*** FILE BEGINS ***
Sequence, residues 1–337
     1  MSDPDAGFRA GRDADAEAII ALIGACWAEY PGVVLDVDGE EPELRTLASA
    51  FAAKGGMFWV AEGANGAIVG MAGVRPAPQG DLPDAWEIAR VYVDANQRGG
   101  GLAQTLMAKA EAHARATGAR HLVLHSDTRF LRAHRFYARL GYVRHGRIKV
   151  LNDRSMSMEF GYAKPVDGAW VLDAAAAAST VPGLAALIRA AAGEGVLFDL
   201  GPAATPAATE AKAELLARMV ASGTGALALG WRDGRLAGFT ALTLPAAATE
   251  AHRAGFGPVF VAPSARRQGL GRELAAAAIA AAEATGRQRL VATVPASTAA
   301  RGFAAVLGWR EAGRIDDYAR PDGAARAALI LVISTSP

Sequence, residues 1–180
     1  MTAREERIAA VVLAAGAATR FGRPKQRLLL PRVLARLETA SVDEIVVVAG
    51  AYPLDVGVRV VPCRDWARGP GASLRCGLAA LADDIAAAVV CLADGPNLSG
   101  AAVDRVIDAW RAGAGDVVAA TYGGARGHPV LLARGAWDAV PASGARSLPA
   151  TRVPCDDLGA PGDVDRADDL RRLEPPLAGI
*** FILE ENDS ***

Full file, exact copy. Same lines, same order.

Sequence, residues 1–337
     1  MSDPDAGFRA GRDADAEAII ALIGACWAEY PGVVLDVDGE EPELRTLASA
    51  FAAKGGMFWV AEGANGAIVG MAGVRPAPQG DLPDAWEIAR VYVDANQRGG
   101  GLAQTLMAKA EAHARATGAR HLVLHSDTRF LRAHRFYARL GYVRHGRIKV
   151  LNDRSMSMEF GYAKPVDGAW VLDAAAAAST VPGLAALIRA AAGEGVLFDL
   201  GPAATPAATE AKAELLARMV ASGTGALALG WRDGRLAGFT ALTLPAAATE
   251  AHRAGFGPVF VAPSARRQGL GRELAAAAIA AAEATGRQRL VATVPASTAA
   301  RGFAAVLGWR EAGRIDDYAR PDGAARAALI LVISTSP

Sequence, residues 1–180
     1  MTAREERIAA VVLAAGAATR FGRPKQRLLL PRVLARLETA SVDEIVVVAG
    51  AYPLDVGVRV VPCRDWARGP GASLRCGLAA LADDIAAAVV CLADGPNLSG
   101  AAVDRVIDAW RAGAGDVVAA TYGGARGHPV LLARGAWDAV PASGARSLPA
   151  TRVPCDDLGA PGDVDRADDL RRLEPPLAGI